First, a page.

I was sad that I didn’t like “Noah” more than I did.
It was so dark, so humorless, and so void of hope that it was almost impossible to enjoy. But I don’t think it was supposed to be the type of movie that you enjoy.
Despite how much I didn’t
enjoy watching it, it has definitely stuck around in my thoughts much longer than I anticipated. It’s the kind of movie that is probably more enjoyable to discuss or theorize about than to actually watch. Which makes perfect sense, since the only other movie I can think of that fits that description as well as “Noah” is Aronofsky’s “The Fountain,” which felt like it took place in the same spiritual universe as “Noah.”
A lot has been said about Aronofsky’s atheism. In fact, way too much has been said about Aronofsky’s atheism. Ben-Hur was written in large part by Gore Vidal, who was also an outspoken atheist, but that didn’t seem to get in the way of him adapting a compelling story that explored faith.
The focus on Aronofsky’s religious beliefs seems to stem more from people who are giddy at the idea of transforming the film into part of the Culture Wars than how he actually depicts the events of the Old Testament. The fine young lads over at Breitbart, for example believe the film to be “a brilliant, compelling, beautifully-mounted, beautifully-acted piece of storytelling conceived for the sinister purpose of leading people to believe that Christianity and Judaism [they seem to have forgotten Islam, which also accepts Noah as a prophet] are something they are not.”
The folks at Breitbart are concerned that atheist Aronofsky has made a film worshipping “the pagan God Gaia,” who was basically a personification of Mother Earth. So what worries them is that the God Aronofsky is exploring is inconsistent with their personal conception of who the God of Noah was. Even worse, this God is worried about the environment.
Aronofsky’s blasphemous claim that God is some kind of tree-hugger who wiped out humanity in the Flood to save the planet and punish Man for hunting animals is a bald-faced lie.
It’s strange to me that the folks at Breitbart interpreted the film that way. There are strong environmentalist themes in the film, there is no doubt about that. But the director also shows some pretty horrific scenes of the depravity of mankind. Man is not treating man kindly, and that comes up more than once in Noah’s explanation of why the people must perish.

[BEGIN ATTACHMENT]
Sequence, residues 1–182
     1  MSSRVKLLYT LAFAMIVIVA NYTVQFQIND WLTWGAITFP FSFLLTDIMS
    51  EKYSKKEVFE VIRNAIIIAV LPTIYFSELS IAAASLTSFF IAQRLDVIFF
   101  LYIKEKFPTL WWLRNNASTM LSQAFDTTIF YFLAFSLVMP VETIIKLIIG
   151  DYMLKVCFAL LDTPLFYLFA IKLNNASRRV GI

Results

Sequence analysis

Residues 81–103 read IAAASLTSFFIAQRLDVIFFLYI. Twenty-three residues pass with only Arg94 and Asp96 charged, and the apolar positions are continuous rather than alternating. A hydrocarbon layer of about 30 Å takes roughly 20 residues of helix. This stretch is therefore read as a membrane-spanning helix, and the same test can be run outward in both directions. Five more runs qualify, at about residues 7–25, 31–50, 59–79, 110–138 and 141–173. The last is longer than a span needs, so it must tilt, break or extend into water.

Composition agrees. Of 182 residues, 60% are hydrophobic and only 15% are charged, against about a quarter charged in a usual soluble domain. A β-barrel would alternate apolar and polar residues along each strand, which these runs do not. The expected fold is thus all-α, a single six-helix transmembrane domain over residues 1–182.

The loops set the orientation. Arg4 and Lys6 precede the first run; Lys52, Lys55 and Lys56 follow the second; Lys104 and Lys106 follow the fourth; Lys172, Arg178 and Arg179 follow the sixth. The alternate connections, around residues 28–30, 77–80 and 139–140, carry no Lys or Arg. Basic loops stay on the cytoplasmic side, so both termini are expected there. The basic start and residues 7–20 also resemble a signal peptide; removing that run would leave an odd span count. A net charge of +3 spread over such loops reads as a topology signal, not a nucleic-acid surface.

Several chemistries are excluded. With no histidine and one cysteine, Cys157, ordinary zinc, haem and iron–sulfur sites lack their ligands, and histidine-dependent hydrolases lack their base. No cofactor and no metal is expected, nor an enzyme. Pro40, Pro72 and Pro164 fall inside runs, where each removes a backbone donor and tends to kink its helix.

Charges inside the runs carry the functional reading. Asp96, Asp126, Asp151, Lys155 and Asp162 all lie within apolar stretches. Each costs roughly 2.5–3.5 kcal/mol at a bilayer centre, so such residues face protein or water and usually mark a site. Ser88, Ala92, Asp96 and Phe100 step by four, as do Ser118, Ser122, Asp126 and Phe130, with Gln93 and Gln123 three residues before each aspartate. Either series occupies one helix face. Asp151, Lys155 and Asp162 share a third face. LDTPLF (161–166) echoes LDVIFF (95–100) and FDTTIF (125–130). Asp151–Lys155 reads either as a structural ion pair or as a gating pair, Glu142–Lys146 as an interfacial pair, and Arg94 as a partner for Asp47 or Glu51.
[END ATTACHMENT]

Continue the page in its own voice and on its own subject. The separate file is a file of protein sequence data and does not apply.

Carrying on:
To his credit, Glenn Beck seems to have taken the film for what it was. He didn’t like it, but his reasoning actually makes sense, though I still disagree with him. “I believe that it is not a godless climate change movie” he said. “It’s more take ‘Sinbad the Sailor’ meets ‘The Shining’ and ‘Friday the 13th,’ with a sprinkle of ‘Mad Max Beyond Thunderdome.’”
And that is how I hope most people will engage with “Noah,” observing it for what it is without attempting to find some sinister subversive message behind it. There are worse messages than “lets stop hurting the environment and killing each other,” anyway.
But as I said, I don’t completely agree with Beck’s whole “Thunderdome” meets “Sinbad the Sailor” thing. “Noah” says a lot of interesting things about man’s relationship with God that I think are at least worth considering:
First, Aronofsky shows two interesting approaches to believing in God. One, represented mostly by Noah (but also some in his family) is that God in relation to man is a teacher. This is pretty consistent with probably what most religious people think. Noah is a descendent of Adam who has had religious teachings of the “The Creator” passed down from each generation to the next. Noah, like most religious people, is primarily concerned with the meaning and purpose of his life, cultivating a relationship with the divine (in this case respect for nature does play a big part. But suggesting that isn’t consistent with the Bible is absurd ) and avoiding sin. To him the ultimate sin is to abuse the gifts that The Creator has bestowed on mankind.
The second approach to belief, as represented by the villain Tubal-cain, is to believe that the Earth is indeed yours and not God’s. Tubal-cain repeatedly expresses his frustration that God will not talk with him, and constantly justifies his bad behavior by repeating “I was created in His image,” therefore he can do whatever he pleases. God gave us what we need, so we are not at fault for using it to our advantage, the thinking goes.